Fire burns into Montana, threatens U.S. 93, 9/3/12, 210,000 215,000 221,000 acres in size-

9/3-2012. Update: check with Inciweb for latest evacuations along or near U.S. Highway 93, North Fork, or in the Montana portion of the fire (such as Hughes Creek). These evacuation levels have been increased.

There are now 933 960 personnel, including 13 hand crews, 77 engines, 5 dozers, 10 water tenders, and 2 helicopters on the fire.

Next year, visitors who head down the Salmon River Road from North Fork, Idaho (assuming the highway crossroads of North Fork still exists) are going to find a transformed landscape. Burn will stretch from the Salmon River north, rising up 4000 to 6000 feet to the mountain crest north that runs east-west for many miles.  There might be a burn along the canyon bottom from North Fork westward all the way past the mouth of the Middle Fork to the Corn Creek put in and well beyond. In fact, this is already almost a given. 

Mustang Fire burns along the Salmon RIver, Idaho. Courtesy USFS.

Here is the web page for the fire at InciWeb.

Lighting strikes started this fire in a number of spots on July 30. They were on the tops of the ridges, well in the backcountry. They soon burned together, and over the month + 3 days have burned in all directions.  The fire seems to expand by roughly the same percentage each day, meaning in absolute acres, a greater acreage each day. The fire did not stay on the mountain tops for long.  It burned down the steep, rugged ridges and canyons to reach the Salmon River far below for many river miles.  Next year you might enter a burnt roadside from North Fork on the east downstream perhaps all the way across the Frank Church Wilderness going west.  The fire is also spotting a long distance. This has caused it to continually move closer to the Idaho/Montana highway artery U.S. 93 to the fire’s east.  The Mustang complex now includes Montana. It burned over the state line in the backcountry several days ago and is now well into the Montana. In addition, ” The Mustang Complex and Lost Packer Fire have now grown together and continue to spread toward the Cabin Springs Fire to the west. There is a future potential threat to West Fork, Sula and Darby Ranger Districts on the Bitterroot National Forest of Montana. Today 9/3 a spot fire started on the south side of the Salmon River downstream from the last road. Instead of a much feared conflagration deep in the Frank Church Wilderness, it was extinguished.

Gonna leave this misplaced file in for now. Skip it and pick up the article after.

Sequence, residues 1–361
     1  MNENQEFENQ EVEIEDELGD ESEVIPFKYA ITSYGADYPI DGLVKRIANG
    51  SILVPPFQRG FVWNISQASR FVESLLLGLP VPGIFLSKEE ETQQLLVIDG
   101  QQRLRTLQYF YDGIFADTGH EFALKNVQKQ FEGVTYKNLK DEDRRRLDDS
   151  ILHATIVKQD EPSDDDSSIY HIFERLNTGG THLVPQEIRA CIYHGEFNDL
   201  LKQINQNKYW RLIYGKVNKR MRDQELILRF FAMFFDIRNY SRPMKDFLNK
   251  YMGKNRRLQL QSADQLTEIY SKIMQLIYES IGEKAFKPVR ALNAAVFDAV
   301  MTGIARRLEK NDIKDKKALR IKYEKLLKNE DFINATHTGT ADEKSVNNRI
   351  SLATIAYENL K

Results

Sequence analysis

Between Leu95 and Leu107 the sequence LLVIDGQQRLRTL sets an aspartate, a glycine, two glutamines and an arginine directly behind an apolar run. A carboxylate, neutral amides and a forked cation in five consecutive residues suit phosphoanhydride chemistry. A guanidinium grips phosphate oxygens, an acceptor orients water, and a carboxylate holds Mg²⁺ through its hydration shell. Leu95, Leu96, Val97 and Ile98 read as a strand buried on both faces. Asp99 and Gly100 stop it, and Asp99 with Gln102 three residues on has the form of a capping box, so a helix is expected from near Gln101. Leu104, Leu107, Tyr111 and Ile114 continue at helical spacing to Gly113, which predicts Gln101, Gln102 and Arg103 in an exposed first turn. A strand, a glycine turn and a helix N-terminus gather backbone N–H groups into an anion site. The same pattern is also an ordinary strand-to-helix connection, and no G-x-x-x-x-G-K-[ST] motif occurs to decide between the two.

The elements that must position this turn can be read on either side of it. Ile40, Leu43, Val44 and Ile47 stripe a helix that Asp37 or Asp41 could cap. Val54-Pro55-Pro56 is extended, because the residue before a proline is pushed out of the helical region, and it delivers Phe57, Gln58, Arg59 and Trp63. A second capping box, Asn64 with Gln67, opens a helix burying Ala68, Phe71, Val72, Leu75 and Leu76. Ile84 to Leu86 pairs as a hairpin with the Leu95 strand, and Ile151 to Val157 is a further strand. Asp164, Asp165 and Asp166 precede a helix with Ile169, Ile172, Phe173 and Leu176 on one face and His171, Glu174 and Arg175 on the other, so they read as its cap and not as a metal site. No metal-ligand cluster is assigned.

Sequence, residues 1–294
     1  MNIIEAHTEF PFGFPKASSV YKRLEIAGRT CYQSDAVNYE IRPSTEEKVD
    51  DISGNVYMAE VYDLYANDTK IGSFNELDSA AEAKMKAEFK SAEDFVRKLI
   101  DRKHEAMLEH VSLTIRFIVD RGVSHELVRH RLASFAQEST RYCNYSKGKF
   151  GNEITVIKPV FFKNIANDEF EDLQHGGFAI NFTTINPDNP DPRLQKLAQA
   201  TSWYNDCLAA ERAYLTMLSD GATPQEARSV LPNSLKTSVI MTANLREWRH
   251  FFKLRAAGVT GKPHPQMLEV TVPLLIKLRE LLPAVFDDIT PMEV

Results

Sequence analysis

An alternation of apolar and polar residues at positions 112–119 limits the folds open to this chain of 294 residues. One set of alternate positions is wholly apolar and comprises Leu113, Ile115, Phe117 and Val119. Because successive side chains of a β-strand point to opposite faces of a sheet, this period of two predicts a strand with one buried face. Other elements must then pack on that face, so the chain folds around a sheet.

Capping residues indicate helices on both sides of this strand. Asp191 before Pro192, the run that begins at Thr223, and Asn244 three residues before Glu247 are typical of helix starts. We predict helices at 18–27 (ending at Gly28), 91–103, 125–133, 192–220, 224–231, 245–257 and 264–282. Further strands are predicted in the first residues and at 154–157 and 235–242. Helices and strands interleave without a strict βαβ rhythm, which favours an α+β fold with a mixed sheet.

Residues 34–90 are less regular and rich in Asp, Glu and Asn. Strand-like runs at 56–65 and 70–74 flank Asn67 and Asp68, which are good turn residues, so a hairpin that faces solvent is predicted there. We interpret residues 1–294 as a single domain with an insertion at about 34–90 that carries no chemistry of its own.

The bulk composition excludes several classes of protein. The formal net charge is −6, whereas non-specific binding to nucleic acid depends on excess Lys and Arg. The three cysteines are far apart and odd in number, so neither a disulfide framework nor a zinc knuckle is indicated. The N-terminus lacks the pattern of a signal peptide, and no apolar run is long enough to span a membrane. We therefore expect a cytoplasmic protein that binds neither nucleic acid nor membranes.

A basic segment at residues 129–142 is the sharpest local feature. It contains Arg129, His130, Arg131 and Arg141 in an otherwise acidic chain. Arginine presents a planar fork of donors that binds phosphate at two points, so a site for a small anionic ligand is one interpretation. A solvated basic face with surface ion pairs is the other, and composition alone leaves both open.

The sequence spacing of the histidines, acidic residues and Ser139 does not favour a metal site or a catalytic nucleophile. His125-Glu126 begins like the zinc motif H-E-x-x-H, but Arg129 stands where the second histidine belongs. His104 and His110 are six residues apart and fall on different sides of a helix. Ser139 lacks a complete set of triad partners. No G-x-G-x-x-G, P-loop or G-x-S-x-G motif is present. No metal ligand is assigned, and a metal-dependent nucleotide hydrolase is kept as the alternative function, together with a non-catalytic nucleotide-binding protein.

For those who remember protected area boundaries from back in the day, it looks like the fire might burn out what was before 1980 the old “Salmon River Breaks Primitive” area, plus additional partially developed backcountry.  Lightning strikes and spots continue to ignite and the Mustang Fire Complex has at least six eight satellite fires now burning well to the west of the main fire.

Wildfire has a number of wildlife benefits and harms, with most of the harm coming in the first few years after the burn. The Salmon River Mountains where the fire is burning are granitic mountains, eroded out of the vast Idaho Batholith. This is usually a soft granite  — quite subject to erosion into large grained “sand” particles.  A burn over such an immense area and of such amazing relief will certainly release huge amounts of sediment into the main fork of the Salmon River from its deep and steep tributaries such as Horse Creek, Big Squaw Creek, Spring Creek, Indian Creek, Colson Creek, etc.  This will have a large effect on boating (river running) , fishing and trying to conserve the struggling salmon and steelhead trout.

Idaho’s other two big forest fires, Trinity Ridge and Halstead are now 145,000 and 131,000 acres and burn fiercely. Update  9/3 on the Halstead Fire. The fire has burned to the ridge just above Idaho Highway 75 in the upper Salmon River Canyon and the Salmon River. The highway has been closed off and on. Beginning at 7:00pm September 2, 2012 traffic on Highway 75 between Stanley and Challis will be escorted by a pilot car. The affected section is from Lower Stanley to Peach Creek (mile marker 206.6). Smoke, fire equipment and potential falling debris from the Halstead Fire has necessitated this action to protect motorists’ safety. Escorted traffic will continue until fire conditions change.

The Halstead Fire’s “progress” is being hindered by relatively recent burns adjacent to the fire’s perimeter. These old burns, of course, usually have a lot less fuel  to sustain the fire. In the last day or so, however, the fire has burned deeper into the southeastern part of the Frank Church Wilderness and burning at surprising high altitudes in the Pinyon Peak and Vanity Lakes country. The fire often just barely ignites snags or downed logs at the very top of the cirque basins. These smoulder, catch fire and roll down into the adjacent cirque basin, thus spreading the fire despite sparsely timbered and rocky ridgetops.